Since its enactment in 1973, Section 13(b) of the Federal Trade Commission Act has been relied upon by the Federal Trade Commission as an avenue to bypass administrative proceedings and directly seek and obtain monetary relief from federal courts for alleged violations of Section 5 of the FTC Act. The recent U.S. Supreme Court decision in AMG Capital Management v. FTC rejected this judicially implied right developed by the lower courts, limiting the scope of the FTC's enforcement abilities.

On April 22, 2021, the Supreme Court of the United States unanimously reversed a decision of the U.S. Court of Appeals for the Ninth Circuit and held that Section 13(b) of the Federal Trade Commission Act (the FTC Act) does not allow the Federal Trade Commission (FTC) to seek, or a federal court to award, equitable monetary relief such as restitution or disgorgement. The FTC had routinely relied on this provision for many years, with 49 complaints filed and 81 permanent injunctions and orders obtained in federal courts in 2019 that resulted in over $723 million in consumer redress or disgorgement.1

Section 5 of the FTC Act, enacted in 1914, allows the FTC to utilize both its own administrative proceedings and federal court actions to prevent "[u]nfair methods of competition" and "unfair or deceptive acts or practices."2 In the 1970's, Congress enacted additional provisions including Section 13(b) of the FTC Act, which authorizes the FTC to obtain, among others, a permanent injunction in federal court against "any person, partnership, or corporation" that it believes "is violating, or is about to violate, any provision of law" that the FTC enforces.3 The FTC has sought equitable monetary relief under this Section "directly in court with great frequency" ever since.4

In a unanimous opinion authored by Justice Breyer, the Supreme Court held in AMG that Section 13(b)'s language does not allow the FTC to "bypass the requirements of the administrative process" and obtain monetary relief directly from federal courts.5 The FTC had brought suit, alleging unfair or deceptive acts in violation of Section 5 of the FTC Act, against Scott Tucker and his companies who were involved in short-term payday loans that automatically renewed unless the customer affirmatively opted out, and the lower court had ordered $1.27 billion in restitution and disgorgement pursuant to Section 13(b), which was affirmed by the Ninth Circuit.6 The Court reversed, taking into account the legislative history of the FTC Act and concluding that injunctions are not the same as an award of monetary relief and that Section 13(b)'s language regarding preliminary injunctions has a "limited purpose—a purpose that does not extend to the grant of the monetary relief" because it is "buried in a lengthy provision that focuses upon purely injunctive, and not monetary, relief."7 Furthermore, the Court interpreted the provision as providing for prospective relief that would prevent "seemingly unfair practices from taking place while [the FTC] determines their lawfulness."8 Reading Section 13(b) to allow the FTC to go directly to the federal courts to obtain monetary relief, Justice Breyer stated, would "allow a small statutory tail to wag a very large dog."9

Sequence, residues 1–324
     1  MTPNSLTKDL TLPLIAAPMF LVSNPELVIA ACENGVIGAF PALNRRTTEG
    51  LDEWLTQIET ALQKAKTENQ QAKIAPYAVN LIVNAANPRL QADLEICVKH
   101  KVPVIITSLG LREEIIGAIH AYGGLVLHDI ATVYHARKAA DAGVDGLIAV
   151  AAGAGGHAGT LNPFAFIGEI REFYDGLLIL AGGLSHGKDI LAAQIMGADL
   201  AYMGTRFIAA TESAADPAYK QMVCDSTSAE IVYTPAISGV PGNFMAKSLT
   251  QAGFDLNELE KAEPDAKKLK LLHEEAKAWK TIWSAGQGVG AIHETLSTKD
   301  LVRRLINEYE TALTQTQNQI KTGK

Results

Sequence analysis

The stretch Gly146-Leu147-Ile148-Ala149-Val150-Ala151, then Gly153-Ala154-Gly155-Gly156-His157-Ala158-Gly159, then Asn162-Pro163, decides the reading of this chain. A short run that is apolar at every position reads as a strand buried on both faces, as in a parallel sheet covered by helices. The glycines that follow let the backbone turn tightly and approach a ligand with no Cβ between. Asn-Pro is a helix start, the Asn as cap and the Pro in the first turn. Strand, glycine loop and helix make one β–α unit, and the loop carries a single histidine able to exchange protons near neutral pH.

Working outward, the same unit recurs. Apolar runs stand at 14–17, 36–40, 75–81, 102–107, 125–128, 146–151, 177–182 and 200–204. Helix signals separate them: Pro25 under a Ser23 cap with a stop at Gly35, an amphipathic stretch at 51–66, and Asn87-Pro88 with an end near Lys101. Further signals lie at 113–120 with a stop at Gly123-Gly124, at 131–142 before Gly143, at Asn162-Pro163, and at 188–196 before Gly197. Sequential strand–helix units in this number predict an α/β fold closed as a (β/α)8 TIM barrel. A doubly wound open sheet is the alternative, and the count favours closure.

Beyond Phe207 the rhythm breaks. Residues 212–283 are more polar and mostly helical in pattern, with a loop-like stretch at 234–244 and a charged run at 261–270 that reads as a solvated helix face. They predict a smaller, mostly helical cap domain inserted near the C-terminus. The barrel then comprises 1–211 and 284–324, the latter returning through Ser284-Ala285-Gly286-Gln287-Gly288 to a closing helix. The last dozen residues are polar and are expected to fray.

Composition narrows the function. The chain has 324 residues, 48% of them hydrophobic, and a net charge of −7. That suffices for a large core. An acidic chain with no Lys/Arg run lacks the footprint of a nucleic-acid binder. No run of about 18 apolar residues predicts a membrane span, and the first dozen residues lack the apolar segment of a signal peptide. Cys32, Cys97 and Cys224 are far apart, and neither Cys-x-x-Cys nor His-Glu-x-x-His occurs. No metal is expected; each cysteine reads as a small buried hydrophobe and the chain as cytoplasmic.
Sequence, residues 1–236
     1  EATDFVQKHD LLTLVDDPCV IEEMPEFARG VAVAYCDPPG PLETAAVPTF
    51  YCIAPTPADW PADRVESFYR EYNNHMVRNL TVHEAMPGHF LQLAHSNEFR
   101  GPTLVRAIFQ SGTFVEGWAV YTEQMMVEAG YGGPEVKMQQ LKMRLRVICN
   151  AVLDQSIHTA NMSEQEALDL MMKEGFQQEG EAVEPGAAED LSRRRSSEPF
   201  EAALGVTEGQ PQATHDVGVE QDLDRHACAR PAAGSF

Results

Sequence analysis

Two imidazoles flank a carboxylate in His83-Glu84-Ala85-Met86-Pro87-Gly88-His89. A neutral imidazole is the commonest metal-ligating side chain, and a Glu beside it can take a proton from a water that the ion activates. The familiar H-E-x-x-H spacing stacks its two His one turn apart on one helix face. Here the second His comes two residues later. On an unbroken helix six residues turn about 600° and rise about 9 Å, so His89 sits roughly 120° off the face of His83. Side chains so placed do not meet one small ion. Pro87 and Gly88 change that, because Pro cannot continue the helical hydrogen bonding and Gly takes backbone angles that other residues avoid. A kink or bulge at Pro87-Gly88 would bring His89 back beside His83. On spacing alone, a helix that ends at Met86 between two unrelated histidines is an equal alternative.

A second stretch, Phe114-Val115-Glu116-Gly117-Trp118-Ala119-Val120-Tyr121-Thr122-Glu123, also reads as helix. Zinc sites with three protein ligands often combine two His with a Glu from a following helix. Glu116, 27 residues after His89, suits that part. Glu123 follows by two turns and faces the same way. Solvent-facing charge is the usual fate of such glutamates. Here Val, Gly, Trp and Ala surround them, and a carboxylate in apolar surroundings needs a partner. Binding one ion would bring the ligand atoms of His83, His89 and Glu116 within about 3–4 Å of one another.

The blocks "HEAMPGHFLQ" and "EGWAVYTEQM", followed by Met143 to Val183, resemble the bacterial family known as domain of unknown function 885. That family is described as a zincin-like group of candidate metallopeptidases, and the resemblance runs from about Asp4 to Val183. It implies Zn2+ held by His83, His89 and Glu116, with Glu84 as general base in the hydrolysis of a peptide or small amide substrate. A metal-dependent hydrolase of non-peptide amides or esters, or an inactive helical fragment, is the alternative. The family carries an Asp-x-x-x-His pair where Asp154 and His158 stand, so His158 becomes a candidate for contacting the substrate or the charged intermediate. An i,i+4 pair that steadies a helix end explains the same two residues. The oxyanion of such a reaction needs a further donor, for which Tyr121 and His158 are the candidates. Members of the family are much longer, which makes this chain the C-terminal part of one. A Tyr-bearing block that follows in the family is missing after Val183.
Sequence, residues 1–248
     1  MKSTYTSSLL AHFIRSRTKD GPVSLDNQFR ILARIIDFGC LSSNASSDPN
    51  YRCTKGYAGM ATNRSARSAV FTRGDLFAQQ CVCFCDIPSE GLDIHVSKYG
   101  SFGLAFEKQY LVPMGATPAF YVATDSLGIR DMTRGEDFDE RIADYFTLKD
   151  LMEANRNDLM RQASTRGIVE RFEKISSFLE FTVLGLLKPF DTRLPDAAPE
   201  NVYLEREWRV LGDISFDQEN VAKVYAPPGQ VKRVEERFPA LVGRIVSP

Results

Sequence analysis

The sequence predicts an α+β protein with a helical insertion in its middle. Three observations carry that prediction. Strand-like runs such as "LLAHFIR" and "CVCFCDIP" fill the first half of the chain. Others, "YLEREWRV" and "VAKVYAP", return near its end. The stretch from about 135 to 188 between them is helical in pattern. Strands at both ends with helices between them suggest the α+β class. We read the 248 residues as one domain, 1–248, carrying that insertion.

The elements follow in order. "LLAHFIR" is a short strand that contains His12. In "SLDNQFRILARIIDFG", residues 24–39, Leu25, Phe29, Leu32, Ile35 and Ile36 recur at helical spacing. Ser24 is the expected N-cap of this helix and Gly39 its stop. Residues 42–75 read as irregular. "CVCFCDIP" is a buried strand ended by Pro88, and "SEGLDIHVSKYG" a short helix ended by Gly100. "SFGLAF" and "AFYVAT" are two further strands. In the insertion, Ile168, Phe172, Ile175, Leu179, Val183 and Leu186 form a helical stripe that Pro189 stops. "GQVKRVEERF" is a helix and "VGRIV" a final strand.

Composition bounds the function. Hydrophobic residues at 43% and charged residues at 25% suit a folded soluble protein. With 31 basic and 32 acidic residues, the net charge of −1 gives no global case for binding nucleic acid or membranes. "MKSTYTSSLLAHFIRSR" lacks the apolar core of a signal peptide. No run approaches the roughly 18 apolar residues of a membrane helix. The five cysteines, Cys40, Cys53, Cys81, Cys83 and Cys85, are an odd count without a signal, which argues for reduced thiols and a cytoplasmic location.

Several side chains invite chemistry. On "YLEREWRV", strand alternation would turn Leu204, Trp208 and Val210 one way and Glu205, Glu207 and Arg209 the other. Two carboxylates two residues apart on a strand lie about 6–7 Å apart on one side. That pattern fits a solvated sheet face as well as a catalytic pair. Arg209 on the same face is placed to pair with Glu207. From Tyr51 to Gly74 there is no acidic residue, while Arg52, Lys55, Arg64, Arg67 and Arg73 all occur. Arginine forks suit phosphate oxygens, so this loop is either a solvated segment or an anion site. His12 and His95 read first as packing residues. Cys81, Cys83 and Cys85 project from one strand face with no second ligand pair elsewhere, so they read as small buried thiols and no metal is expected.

The Court declined to apply the two Supreme Court cases10 cited by the FTC because the opinions did not "purport to set forth a universal rule of interpretation" that authority to grant an injunction includes the power to grant monetary relief, and the cases also involved different statutes.11 In addressing policy arguments set forth by the FTC and its amici that it is "undesirable simply to enjoin those who violate the [FTC] Act while leaving them with profits earned at the unjustified expense of consumers," the Court reasoned that its decision does not prohibit the FTC from using its authority under Section 5 and Section 19 of the FTC Act to obtain restitution through its administrative process—only that it cannot do so in federal court under Section 13(b).12

While this ruling impedes the FTC's ability to obtain monetary relief, state attorneys general in all states have express authority under functional equivalents of the FTC Act to seek consumer restitution and other equitable relief.13 In addition, immediately following the AMG decision, the FTC Acting Chairwoman issued a statement urging Congress to "act swiftly to restore and strengthen the powers of the agency . . . [to] make wronged consumers whole."14


1 AMG, Cap. Mgmt., LLC v. Fed. Trade Comm'n, No. 19-508, 2021 WL 1566607 (AMG), at *4 (U.S. Apr. 22, 2021) (citing FTC, Fiscal Year 2021 Congressional Budget Justification 5 (Feb. 10, 2020),

2 15 U.S.C. § 45(a)(1)-(2).

3 15 U.S.C. § 53(b).

4 AMG, 2021 WL 1566607, at *4.

5 Id. at *1.

6 Id. at *3.

7 Id. at *5.

8 Id.

9 Id. at *5.

10 Porter v. Warner Holding Co., 328 U.S. 395 (1946) (Emergency Price Control Act); Mitchell v. Robert DeMario Jewelry, Inc., 361 U.S. 288 (1960) (Fair Labor Standards Act).

11 Id. at *6.

12 Id. at *8.

13 Consumer Protection in the States: A 50-State Evaluation of Unfair and Deceptive Practices Laws, Appendix C, NATIONAL CONSUMER LAW CENTER (2018), at

14 Statement by FTC Acting Chairwoman Rebecca Kelly Slaughter on the U.S. Supreme Court Ruling in AMG Capital Management LLC v. FTC, FEDERAL TRADE COMMISSION (Apr. 22, 2021), at

To subscribe to Cahill Publications Click Here

The content of this article is intended to provide a general guide to the subject matter. Specialist advice should be sought about your specific circumstances.